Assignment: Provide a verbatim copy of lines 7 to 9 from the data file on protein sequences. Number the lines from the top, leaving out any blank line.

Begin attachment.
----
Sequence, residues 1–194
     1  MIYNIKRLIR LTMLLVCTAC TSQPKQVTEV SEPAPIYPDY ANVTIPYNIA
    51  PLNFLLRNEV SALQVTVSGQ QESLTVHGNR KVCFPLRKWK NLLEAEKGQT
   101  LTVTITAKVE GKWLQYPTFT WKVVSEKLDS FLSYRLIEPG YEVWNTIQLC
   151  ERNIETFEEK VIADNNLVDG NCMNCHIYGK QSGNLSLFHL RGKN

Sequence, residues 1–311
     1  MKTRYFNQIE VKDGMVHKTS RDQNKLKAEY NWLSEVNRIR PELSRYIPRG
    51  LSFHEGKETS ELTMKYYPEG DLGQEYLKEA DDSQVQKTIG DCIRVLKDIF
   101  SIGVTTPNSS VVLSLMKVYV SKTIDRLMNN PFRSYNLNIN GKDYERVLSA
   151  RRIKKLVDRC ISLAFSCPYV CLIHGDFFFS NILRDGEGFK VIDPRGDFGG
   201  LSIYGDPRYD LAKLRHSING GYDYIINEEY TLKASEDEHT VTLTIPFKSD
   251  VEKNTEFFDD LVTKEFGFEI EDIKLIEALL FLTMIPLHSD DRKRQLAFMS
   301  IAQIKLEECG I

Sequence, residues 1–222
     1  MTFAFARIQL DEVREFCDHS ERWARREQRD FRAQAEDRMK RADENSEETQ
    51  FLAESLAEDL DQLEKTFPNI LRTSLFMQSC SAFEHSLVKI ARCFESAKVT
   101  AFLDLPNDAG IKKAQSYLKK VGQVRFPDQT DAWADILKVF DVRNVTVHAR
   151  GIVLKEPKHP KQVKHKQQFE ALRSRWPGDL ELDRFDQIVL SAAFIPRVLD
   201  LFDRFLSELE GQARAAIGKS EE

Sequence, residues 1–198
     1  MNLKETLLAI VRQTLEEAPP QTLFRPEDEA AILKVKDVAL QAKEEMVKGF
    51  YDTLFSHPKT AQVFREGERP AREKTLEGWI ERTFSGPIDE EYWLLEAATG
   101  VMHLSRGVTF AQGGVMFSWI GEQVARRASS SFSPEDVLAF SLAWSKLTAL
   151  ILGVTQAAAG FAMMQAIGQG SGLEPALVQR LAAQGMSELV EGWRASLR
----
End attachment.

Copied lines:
     1  MKTRYFNQIE VKDGMVHKTS RDQNKLKAEY NWLSEVNRIR PELSRYIPRG
    51  LSFHEGKETS ELTMKYYPEG DLGQEYLKEA DDSQVQKTIG DCIRVLKDIF
   101  SIGVTTPNSS VVLSLMKVYV SKTIDRLMNN PFRSYNLNIN GKDYERVLSA